The day Mrs. Friend passed away I got the call very early in the morning. I threw on some clothes and ran to the nursing home as fast as I could. Mr. Friend was sitting there alone with her body. We sat together for a long time not really knowing what to say. Her last words were the first and middle name of her beloved husband. She called for him and the lady sharing a room with her tried to calm her. Then she was gone. Mr. Friend and I waited hours for the funeral home to show up. They put her on that metal gurney and covered her with a red velvet cloth from the funeral home. I miss my friend.
So, I keep her pot beside my bed on a shelf below the alarm clock. I look at the little pot each night when I go to bed and each morning when I awake. Sometimes the little pot reminds me how unimportant “things” and money are. Sometimes it reminds me of a homemade dress that was torn while jumping a fence.
Ok, so now I finally get it. You’ve all seen the posts: “People will not remember what you did but how you made them feel.”
When death comes all of your accolades are useless. Don’t believe me? Go to a funeral. No one says “Oh how wonderful they were at their job” or “Look how splendidly they provided for their family”. Nope, what you will actually hear is “Remember the time they did ____. I never laughed so hard” or “Remember how thoughtful they were? They always made everyone feel so welcome.” Your legacy is how you make people feel. That is what they will remember you for. When your lifeless body lies in a casket nobody gives a hoot if you earned a million dollars, lived in a 3,000 sf house or drove a Mercedes.
My husband often tells this story:
A man in town died but no one particularly cared for him. He was rather cantankerous. He needed to be buried but there was no one who could think of a kind word to say over his grave. The Preacher stood over his grave and said the only good thing he could think of. “He was a mighty fine whistler.”
Since I can’t whistle I really need to be kind to people. Bring my best Banana Pudding to a gathering. Make that phone call that I’ve been putting off. That’s what they will remember.
Do you ever scream inside your head so loud your stomach hurts and you grit your teeth? No, Ok….me neither….. Carry on. Forget I mentioned it.
My head is just spinning today. My Aunt Shirley took her last breath on this earth yesterday. It’s so hard to watch your families dwindle. I understand the circle of life but it doesn’t mean I have to like it. I can only speak from my own perspective as everyone sees things differently but I find no rhyme or reason to the length of some lives. There is an old Native American belief that you will stay on this earth until you have completed what you were sent here to do. There are those that seem to be so very full of life and living it to its grandest that are taken in the middle of all that action. Then there are those who live to their 80’s mean as snakes and stubborn as mules and I wonder if God doesn’t just say “Oh never mind. They are never going to get this right.”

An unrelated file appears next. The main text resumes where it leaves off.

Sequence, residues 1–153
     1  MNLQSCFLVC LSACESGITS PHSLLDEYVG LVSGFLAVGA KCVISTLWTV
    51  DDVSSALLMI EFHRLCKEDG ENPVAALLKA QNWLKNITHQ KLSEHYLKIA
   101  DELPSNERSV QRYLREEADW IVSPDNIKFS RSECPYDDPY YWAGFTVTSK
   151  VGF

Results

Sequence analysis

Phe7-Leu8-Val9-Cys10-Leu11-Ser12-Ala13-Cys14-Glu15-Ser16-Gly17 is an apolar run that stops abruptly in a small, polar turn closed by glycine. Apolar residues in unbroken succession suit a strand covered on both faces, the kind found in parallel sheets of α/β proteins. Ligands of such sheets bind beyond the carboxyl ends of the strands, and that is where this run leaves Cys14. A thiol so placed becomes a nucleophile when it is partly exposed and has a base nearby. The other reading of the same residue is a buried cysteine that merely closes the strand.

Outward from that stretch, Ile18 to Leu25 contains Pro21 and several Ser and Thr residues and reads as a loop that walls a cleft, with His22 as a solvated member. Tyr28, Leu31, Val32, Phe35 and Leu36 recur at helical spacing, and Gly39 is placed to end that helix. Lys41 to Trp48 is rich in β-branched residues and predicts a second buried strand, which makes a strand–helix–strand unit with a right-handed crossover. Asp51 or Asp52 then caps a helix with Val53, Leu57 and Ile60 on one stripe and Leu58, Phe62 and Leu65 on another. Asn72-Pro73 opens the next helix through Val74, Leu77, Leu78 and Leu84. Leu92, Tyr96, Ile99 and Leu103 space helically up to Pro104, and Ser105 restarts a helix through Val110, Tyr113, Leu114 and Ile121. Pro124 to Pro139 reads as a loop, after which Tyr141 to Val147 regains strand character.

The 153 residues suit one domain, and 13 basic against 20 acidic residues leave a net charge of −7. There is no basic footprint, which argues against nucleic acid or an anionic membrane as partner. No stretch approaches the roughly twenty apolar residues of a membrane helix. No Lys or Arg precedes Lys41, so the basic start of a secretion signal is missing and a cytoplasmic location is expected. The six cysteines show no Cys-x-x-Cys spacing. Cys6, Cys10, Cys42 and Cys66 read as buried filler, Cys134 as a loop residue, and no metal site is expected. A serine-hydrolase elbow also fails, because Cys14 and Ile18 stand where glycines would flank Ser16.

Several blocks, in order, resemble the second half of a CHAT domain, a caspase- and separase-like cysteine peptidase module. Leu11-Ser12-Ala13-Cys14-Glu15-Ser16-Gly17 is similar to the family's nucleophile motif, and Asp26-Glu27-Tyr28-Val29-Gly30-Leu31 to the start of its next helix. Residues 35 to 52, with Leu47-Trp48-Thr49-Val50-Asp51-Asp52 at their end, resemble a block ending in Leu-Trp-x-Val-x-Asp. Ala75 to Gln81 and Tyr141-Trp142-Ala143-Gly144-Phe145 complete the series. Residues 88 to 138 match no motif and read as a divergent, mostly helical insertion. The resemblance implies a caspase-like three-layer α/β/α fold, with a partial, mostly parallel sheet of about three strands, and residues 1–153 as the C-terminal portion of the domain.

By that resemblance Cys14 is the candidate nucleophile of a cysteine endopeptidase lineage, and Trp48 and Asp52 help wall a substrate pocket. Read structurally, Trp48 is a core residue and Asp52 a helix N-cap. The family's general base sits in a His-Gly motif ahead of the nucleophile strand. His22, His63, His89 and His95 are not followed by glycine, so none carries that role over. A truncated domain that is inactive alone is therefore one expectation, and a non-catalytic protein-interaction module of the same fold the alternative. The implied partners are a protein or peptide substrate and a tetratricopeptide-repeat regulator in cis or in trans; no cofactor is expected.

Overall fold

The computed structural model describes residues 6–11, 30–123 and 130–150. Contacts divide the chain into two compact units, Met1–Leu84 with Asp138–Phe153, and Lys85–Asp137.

There are those who spend years physically ill and suffering. What purpose could this possibly serve? Why must they be tormented? Is there a lesson being learned here, is it a result of the poor care we took of our own flesh or is it just a weak body resulting from genetics?
And then there is dementia. That ugly world that takes their minds but leaves their bodies to be tended. The biggest problem is that you can’t convince them that they have dementia so everyday living is a constant battle. Try to find a purpose in that one! Is it to torment the living? Dementia patients are not living. They exist in a world that is new every day. Not even remembering that they cussed you out yesterday. You call them on the phone and they have no idea who you are. It’s a very cruel existence.
I know, the answer is not mine to know. Not yet anyway.
My mind remembers my Aunts and Uncles as I saw them as a child. People doing the best they could with what they had to work with. Well, most of them anyway. Now I am joining the ranks of the older generation. It’s unreal to me.
So, how do we endure? Numbing, it’s what all people do to hide from pain. We just use different methods. Drugs, alcohol, food, television, music and yes, even cleaning. We will do anything to make it go away. You can’t wipe it away with a dust rag or eat it into oblivion. When you sober up there it sits, staring you in the face. Mocking you and causing that incessant screaming in your head. So you go to church. You pray about it. You talk about it. You think about it. Yep, you just keep it there hovering over you because you can’t let it go. The old folks used to say “Give it to God”. Maybe they had a very good point. Let it go. Kick that sucker to the curb and move on. You know,♪ “Gonna lay all of my burdens, down by the riverside…”♪Yep, I’m going to leave them there. Right there, down by the riverside. Nope, not going to pick them up again. This is me, leaving them there. I am walking away. Walking away. Not going to turn around and look. Nope, letting that stuff go.